Customize your JAMA Network experience by selecting one or more topics from the list below.
Steele MH, Suskind DL, Moses M, Kluka E, Liu DC. Orbitofacial Masses in Children: An Endoscopic Approach. Arch Otolaryngol Head Neck Surg. 2002;128(4):409–413. doi:https://doi.org/10.1001/archotol.128.4.409
To describe an endoscopic approach for pediatric orbitofacial masses.
A retrospective medical chart review.
Tertiary-care children's hospital.
Patients (4 boys, 7 girls) ranged in age from 6 months to 11 years. All children underwent endoscopic excision of an orbitofacial mass.
A single port approach was used in all but the initial case. The scalp incision was placed approximately 2.0 cm behind the frontal hairline. A subgaleal dissection was performed to minimize risk of nerve injury. Under endoscopic visualization, the mass was resected.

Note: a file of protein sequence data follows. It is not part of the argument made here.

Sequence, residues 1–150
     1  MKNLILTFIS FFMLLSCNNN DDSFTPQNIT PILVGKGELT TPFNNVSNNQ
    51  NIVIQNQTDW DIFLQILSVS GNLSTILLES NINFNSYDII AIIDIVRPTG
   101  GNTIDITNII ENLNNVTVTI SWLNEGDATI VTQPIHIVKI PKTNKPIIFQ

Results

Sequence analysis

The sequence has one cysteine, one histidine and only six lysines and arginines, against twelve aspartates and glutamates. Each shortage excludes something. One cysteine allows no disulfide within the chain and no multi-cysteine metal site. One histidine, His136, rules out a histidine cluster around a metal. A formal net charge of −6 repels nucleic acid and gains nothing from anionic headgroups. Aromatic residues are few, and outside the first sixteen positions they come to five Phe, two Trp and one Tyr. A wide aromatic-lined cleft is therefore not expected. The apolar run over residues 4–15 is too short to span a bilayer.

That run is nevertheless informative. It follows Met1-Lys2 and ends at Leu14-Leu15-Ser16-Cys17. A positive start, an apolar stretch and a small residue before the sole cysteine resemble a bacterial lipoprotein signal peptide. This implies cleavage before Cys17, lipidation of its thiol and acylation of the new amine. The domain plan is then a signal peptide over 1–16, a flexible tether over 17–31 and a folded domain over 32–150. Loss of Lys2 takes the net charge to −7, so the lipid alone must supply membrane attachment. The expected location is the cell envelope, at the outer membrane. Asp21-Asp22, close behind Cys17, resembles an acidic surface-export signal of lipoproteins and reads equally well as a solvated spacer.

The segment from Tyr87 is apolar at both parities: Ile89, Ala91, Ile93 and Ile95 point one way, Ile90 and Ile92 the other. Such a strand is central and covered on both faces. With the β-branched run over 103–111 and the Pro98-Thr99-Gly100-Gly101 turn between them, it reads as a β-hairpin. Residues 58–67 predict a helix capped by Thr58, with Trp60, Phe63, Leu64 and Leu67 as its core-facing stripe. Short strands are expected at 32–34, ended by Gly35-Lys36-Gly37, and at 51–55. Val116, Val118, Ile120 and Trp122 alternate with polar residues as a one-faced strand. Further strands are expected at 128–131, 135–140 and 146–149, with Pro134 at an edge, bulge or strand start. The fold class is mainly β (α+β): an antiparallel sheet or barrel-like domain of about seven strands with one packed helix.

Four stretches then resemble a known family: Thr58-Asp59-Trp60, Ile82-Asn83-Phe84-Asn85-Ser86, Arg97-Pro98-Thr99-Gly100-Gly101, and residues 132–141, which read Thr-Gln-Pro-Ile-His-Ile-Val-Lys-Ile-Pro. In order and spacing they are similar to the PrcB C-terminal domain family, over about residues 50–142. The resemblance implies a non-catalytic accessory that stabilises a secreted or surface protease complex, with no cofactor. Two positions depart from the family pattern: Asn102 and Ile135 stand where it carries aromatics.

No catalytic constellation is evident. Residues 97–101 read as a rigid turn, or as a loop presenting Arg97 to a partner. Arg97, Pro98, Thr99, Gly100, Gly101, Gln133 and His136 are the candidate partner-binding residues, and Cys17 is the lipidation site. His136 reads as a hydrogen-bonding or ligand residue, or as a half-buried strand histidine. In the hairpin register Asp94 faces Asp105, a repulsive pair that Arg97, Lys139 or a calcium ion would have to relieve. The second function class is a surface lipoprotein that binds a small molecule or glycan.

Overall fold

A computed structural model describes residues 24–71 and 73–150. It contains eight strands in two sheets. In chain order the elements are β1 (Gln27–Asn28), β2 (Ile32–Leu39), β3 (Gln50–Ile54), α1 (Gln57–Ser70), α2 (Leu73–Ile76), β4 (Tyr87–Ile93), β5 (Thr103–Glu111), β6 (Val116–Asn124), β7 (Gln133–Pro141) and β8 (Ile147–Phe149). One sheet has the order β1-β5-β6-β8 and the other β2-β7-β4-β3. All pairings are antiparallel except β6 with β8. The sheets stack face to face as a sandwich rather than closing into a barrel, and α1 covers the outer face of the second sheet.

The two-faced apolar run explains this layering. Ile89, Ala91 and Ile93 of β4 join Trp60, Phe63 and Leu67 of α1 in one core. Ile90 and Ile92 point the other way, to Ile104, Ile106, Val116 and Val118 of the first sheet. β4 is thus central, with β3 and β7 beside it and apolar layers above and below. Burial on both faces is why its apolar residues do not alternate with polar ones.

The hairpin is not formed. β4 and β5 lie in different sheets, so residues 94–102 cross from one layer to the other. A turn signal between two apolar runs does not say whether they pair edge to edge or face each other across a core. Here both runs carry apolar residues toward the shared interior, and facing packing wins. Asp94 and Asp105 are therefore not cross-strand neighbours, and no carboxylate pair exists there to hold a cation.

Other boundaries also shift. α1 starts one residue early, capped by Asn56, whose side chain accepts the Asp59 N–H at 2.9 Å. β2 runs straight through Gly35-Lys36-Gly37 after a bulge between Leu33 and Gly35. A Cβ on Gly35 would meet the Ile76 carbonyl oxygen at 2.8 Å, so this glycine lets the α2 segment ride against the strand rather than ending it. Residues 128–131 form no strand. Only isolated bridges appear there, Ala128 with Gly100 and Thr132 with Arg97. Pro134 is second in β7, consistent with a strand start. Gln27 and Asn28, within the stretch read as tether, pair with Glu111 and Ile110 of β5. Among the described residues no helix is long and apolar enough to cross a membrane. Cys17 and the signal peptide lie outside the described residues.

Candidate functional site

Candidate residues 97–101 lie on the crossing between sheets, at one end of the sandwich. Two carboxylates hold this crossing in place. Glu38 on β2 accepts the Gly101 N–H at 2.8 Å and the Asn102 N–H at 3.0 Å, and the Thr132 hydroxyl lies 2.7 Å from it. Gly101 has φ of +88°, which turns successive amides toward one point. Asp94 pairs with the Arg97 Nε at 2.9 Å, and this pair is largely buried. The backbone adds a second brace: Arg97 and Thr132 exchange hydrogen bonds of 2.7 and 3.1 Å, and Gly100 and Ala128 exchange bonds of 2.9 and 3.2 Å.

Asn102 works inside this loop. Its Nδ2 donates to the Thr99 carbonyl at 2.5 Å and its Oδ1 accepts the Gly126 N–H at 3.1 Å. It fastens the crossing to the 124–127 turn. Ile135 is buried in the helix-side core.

Main Outcome Measures
Ability to successfully excise the mass endoscopically, and the incidence of complication.
All lesions were successfully resected endoscopically. The surgical time varied from 30 to 105 minutes (mean, 50.5 minutes). Pathologic examination revealed 10 dermoid cysts and 1 neurofibroma. Two children had transient frontalis branch palsies that resolved spontaneously. There was 1 unilateral frontal hypoesthesia in the patient with the neurofibroma (an expected result). There were no other complications.
An endoscopic approach to pediatric orbitofacial tumors is safe and effective. Although the risk of nerve injury may be higher, a thorough knowledge of frontotemporal anatomy and careful dissection will minimize this risk. The distinct advantage of an endoscopic approach is the absence of any facial scar in these young patients.
Create a personal account or sign in to: